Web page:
said, he was at a loss to understand how any Member could have read the evidence and the Report in relation to the late election at Beverley, and not have come to the conclusion that there had been for the last eleven years in the borough an organized system of bribery, carried on, too, at the instigation of the gentleman who desired to represent the borough in Parliament.


said, he did not desire to cast any imputation on the learned Judge who had tried this petition, but would leave him to the verdict of the country. He believed that, in this instance, the Members for Beverley were made to suffer for faults which were not their own. He could not see what difference there was between the cases of Bradford and Beverley; and yet in these two cases the same Judge gave different decisions. At Bradford, when evidence was being adduced to show that there had been a good deal of drinking in the borough, Mr. Baron Martin observed to Mr. Serjeant Ballantine—"It seems to me that this arises out of your cross-examination. It may be that this beer-drinking may be municipal beer-drinking and not borough beer-drinking." He should be glad to learn why municipal beer-drinking should in Bradford be regarded as harmless, while in Beverley it was to be visited with these penal consequences. He thought, too, that under the present circumstances, with a Committee which had been appointed on the Motion of the Secretary of State for the Home Department, and which was now sitting upstairs, it would not be fair to accede to the Motion of the Attorney General, and to throw upon Beverley the heavy expenses which would necessarily attend such an inquiry as that now proposed. He would therefore move— That the issue of a Commission be deferred until an opportunity be afforded for an inquiry by the Select Committee on Parliamentary and Municipal Elections now sitting.


, in seconding the Amendment, said, that in a certain sense the system under which the House had abandoned its jurisdiction with regard to election petitions was as much on its trial as the particular case now under consideration. He thought the discrepancies in the decisions of the Judges were a serious matter, and he was not sure they might not lead to a resumption by the House of its privilege of trying election petitions. At all events, he thought that during the present Session the House ought to deal generously and gently even with per cant constituencies. At the end of the Session the decisions in all the cases might be laid before the Judges, with the view of seeing whether a fixed code of laws relative to election cases might not be laid down.

Amendment proposed, To leave out from the word "That" to the end of the Question, in order to add the words "the issue of a Commission be deferred until an opportunity be afforded for an inquiry by the Select Committee on Parliamentary and Municipal Elections now sitting."—(Colonel Stuart Knox.)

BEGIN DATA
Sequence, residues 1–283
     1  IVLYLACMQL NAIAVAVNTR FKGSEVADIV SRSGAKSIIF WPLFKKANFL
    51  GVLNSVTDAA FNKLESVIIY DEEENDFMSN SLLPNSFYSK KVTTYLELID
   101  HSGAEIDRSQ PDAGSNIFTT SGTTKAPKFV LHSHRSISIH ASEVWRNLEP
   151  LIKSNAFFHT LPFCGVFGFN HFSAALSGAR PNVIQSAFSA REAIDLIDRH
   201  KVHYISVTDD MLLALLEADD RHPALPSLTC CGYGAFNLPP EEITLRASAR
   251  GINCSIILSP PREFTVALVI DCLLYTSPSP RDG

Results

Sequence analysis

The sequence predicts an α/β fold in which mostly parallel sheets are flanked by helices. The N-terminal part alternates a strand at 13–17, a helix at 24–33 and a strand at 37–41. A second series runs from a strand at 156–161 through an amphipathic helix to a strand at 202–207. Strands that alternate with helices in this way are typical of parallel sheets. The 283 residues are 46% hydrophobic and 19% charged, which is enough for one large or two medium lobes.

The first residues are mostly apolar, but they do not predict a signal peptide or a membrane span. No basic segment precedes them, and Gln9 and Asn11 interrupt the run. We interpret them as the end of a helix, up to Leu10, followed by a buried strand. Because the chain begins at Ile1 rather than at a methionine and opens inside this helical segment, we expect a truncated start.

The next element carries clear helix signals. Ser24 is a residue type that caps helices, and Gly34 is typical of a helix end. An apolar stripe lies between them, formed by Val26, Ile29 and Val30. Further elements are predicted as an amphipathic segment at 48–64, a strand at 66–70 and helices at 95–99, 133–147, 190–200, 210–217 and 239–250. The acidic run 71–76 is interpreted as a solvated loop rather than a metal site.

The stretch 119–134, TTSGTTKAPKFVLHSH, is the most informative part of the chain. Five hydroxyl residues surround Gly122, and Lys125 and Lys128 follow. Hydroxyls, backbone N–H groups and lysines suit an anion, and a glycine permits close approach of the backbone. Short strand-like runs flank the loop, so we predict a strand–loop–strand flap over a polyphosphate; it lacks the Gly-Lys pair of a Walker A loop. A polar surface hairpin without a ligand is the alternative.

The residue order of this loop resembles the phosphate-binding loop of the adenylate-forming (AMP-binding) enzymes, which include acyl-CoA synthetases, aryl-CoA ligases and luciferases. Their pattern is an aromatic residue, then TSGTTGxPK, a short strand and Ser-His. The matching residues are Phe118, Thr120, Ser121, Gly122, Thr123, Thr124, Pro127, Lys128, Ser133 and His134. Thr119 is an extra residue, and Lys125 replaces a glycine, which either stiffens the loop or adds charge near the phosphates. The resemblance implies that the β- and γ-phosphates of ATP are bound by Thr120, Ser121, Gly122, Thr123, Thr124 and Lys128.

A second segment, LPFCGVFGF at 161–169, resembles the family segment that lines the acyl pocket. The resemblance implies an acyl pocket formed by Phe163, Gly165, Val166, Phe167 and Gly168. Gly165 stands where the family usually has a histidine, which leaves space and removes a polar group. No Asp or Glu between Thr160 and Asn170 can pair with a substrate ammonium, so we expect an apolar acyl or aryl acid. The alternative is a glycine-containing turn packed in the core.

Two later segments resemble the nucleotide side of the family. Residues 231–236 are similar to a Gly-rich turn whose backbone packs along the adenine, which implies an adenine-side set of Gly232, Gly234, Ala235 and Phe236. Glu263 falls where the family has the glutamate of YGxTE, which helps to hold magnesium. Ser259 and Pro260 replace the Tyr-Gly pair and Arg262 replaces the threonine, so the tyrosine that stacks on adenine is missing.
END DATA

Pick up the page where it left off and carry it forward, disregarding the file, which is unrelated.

Question proposed, "That the words proposed to be left out stand part of the Question."


said, as a reference had been made to Bradford, they might as well put an end to inquiries by the Judges if, on occasions like the pre- sent, evidence given in another case was quoted and relied on, although the Judge himself had decided that it was not worthy of consideration.


said, that if elections were to be voided, as in this case, although there was no proof of corrupt practices by the Member or his agents, no candidate would be safe, because he might be unseated for bribery committed by his enemies.


said, this case was even a stronger one for a Royal Commission than if merely the candidate or his agent was proved to have committed bribery; because, where an election was voided for bribery by an individual, there might perhaps have been only one case of that corrupt practice, while the case alleged against the borough of Beverley was that there had been wholesale bribery. As many as 800 persons were proved to have been bribed, and there was reason to believe that that was not the whole number of the bribed. Why, then, should not the inquiry be made? Simply on the flimsy pretext put forward, that the bribery was not practised at the Parliamentary, but at the municipal election? But they knew that the former followed almost immediately the latter election, and that the sums of money given to the voters at the municipal contest were far in excess of what was ordinarily given.


said, that, while he thought the decisions of the Judges should be respected, it appeared to him that the House were going beyond the lengths to which they went under the old system. A Royal Commission did not, as a matter of course, follow a strong Report of a Committee. The question whether such a Commission should issue was debated. He must also remark that he thought the observations made by the hon. Member for Colchester (Mr. Brewer), to the effect that corrupt practices had existed for years in Beverley, was an unfair one to Sir Henry Edwards, whose absence from that House many hon. Members regretted. At the same time, he would recommend his hon. and gallant Friend (Colonel Stuart Knox) not to press his Amendment.

Amendment, by leave, withdrawn.

Main Question put, and agreed to.

Address to be communicated to the Lords, and their concurrence desired thereto.